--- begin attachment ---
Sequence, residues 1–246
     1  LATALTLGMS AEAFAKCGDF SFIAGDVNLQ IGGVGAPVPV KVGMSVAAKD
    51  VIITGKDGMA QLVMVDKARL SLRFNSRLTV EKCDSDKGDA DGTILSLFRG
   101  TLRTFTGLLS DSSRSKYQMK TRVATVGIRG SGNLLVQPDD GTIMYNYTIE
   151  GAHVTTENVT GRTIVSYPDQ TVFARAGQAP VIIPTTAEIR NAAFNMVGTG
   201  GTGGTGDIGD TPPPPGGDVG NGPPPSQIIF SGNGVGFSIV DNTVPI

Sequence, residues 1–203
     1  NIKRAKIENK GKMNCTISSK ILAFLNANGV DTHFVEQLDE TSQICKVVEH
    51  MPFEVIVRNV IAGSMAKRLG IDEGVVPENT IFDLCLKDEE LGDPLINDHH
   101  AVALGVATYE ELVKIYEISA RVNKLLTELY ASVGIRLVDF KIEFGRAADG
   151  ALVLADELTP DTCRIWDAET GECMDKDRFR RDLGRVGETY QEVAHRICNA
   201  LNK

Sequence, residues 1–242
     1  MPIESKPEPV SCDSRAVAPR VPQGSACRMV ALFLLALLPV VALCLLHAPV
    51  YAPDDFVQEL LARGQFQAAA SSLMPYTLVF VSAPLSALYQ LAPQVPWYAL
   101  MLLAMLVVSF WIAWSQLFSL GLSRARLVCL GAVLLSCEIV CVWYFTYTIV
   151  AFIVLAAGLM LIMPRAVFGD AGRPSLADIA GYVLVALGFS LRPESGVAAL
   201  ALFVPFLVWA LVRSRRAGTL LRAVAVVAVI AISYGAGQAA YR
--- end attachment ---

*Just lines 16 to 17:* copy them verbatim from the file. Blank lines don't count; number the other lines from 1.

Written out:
   101  MLLAMLVVSF WIAWSQLFSL GLSRARLVCL GAVLLSCEIV CVWYFTYTIV
   151  AFIVLAAGLM LIMPRAVFGD AGRPSLADIA GYVLVALGFS LRPESGVAAL